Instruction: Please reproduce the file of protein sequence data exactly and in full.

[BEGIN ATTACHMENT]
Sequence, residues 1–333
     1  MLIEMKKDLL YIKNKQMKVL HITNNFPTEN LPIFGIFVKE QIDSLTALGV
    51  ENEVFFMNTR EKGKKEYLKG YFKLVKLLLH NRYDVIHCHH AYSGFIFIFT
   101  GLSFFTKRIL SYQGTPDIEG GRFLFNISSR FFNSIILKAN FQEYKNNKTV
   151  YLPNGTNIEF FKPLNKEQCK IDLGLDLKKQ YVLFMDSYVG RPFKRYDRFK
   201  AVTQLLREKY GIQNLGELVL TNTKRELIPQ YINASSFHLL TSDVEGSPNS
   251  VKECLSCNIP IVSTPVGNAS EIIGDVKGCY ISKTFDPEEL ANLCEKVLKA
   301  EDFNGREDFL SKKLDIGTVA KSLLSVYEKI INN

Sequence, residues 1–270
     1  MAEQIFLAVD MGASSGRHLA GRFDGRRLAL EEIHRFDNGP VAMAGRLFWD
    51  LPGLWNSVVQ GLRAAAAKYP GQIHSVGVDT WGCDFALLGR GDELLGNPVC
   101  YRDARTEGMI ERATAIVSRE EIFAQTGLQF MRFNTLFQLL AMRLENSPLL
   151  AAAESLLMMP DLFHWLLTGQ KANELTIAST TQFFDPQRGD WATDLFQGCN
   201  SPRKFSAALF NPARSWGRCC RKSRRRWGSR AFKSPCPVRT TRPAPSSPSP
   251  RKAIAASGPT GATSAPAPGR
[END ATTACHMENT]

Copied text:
Sequence, residues 1–333
     1  MLIEMKKDLL YIKNKQMKVL HITNNFPTEN LPIFGIFVKE QIDSLTALGV
    51  ENEVFFMNTR EKGKKEYLKG YFKLVKLLLH NRYDVIHCHH AYSGFIFIFT
   101  GLSFFTKRIL SYQGTPDIEG GRFLFNISSR FFNSIILKAN FQEYKNNKTV
   151  YLPNGTNIEF FKPLNKEQCK IDLGLDLKKQ YVLFMDSYVG RPFKRYDRFK
   201  AVTQLLREKY GIQNLGELVL TNTKRELIPQ YINASSFHLL TSDVEGSPNS
   251  VKECLSCNIP IVSTPVGNAS EIIGDVKGCY ISKTFDPEEL ANLCEKVLKA
   301  EDFNGREDFL SKKLDIGTVA KSLLSVYEKI INN

Sequence, residues 1–270
     1  MAEQIFLAVD MGASSGRHLA GRFDGRRLAL EEIHRFDNGP VAMAGRLFWD
    51  LPGLWNSVVQ GLRAAAAKYP GQIHSVGVDT WGCDFALLGR GDELLGNPVC
   101  YRDARTEGMI ERATAIVSRE EIFAQTGLQF MRFNTLFQLL AMRLENSPLL
   151  AAAESLLMMP DLFHWLLTGQ KANELTIAST TQFFDPQRGD WATDLFQGCN
   201  SPRKFSAALF NPARSWGRCC RKSRRRWGSR AFKSPCPVRT TRPAPSSPSP
   251  RKAIAASGPT GATSAPAPGR